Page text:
As mentioned earlier you can have polymorphisms in multiple genes (up to 2 dozen genes) and each polymorphism/variation may just slightly increase the person’s chance of AF but if you have a bunch of polymorphisms together then the risk could be much higher – especially if these are then combined with toxins, chronic disease affecting the heart, chronic inflammation or even things like excessive stress and dehydration.

How is it inherited?

We are still learning but in those patients who have a single mutation like the KCN01, it is believed that the inheritance is autosomal dominant. This means that one copy of the altered gene in each cell is enough to cause the disorder. So basically if you have the mutation then there is a 50% chance of passing it on to your child. 

How does the bottle break?

There are certain triggers which help break the bottle. The more of the triggers that happen at the same time the more likely that the bottle will break and the genie will come out.

Here are some of the triggers that contribute:

  1. Emotion – stress, anxiety
  2. Dehydration
  3. Physical exhaustion
  4. Lack of sleep
  5. Alcohol especially wine
  6. Stimulants (excessive caffeine)
  7. Hormonal changes
  8. A bloated stomach
  9. Intercurrent illness


It is interesting that not uncommonly we will see a young otherwise fit person develop AF whilst on holiday. When there are no other obvious precipitants, it is called the ‘Holiday heart syndrome’ and the explanation is that the person probably consumed too much alcohol whilst on holiday and this caused the AF. I suspect it is probably more complex than this simple explanation. I suspect that the patient probably had some form of genetic vulnerability, and there may be additional triggers in addition to the alcohol which come together to break the bottle – such as being sleep deprived, dehydrated, in a warm place, bigger meals (bloatedness)  and the alcohol.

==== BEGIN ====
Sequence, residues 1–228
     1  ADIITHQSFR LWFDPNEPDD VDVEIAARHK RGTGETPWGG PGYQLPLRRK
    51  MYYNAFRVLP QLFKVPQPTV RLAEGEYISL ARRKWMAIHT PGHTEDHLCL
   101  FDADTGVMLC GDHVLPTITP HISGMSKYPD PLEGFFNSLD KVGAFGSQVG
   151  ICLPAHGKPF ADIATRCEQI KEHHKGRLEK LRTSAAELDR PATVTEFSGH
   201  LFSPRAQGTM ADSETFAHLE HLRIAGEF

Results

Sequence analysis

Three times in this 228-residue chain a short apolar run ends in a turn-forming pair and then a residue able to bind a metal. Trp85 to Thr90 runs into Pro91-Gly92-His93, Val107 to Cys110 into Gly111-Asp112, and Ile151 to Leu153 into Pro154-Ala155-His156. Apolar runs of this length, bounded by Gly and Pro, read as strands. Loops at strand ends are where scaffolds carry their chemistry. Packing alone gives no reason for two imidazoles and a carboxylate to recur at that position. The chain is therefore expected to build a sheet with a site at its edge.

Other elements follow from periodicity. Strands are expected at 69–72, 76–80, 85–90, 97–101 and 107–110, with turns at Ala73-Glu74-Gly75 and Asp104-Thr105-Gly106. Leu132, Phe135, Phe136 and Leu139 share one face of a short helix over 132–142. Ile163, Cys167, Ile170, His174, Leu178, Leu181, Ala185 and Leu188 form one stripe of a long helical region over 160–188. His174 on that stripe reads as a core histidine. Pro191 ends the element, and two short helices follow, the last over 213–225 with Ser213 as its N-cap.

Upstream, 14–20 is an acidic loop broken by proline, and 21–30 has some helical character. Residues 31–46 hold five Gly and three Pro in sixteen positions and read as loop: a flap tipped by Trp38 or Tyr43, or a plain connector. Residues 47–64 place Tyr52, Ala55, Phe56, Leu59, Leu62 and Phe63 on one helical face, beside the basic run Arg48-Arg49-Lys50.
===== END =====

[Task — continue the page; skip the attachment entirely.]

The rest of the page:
How can our knowledge of AF genetics help us in the future?

At this point, we treat everyone in the same way. We tell patients to avoid the same things,  anticoagulate patients based on their age and comorbidities and we also use the same treatments to reduce how much AF patients are getting. If we found out that some AF mutations were in some ways not associated with strokes for example then perhaps we may not have to anticoagulate them. If we worked out which electrical channels were affected and causing the AF then we could target medications towards those abnormalities. It may also help us to determine who is more likely to benefit from ablation and who is not. This is a very exciting space and i am really excited about how developments will help us offer more individualised care to our patients in the future. 

I would also recommend that those people who have a family history of AF and are contemplating getting medical insurance should do so earlier simply because there will undoubtedly be a time when insurers will start discriminating or charging more simply because you may have a family member with AF.

Here is a link to a video on this subject

I hope you found this useful and would love to hear your comments. Once again thank you for all that you do for me!

Keywords: Genetics; AF; Afib; Atrial fibrillation; familial AF; Inherited AF.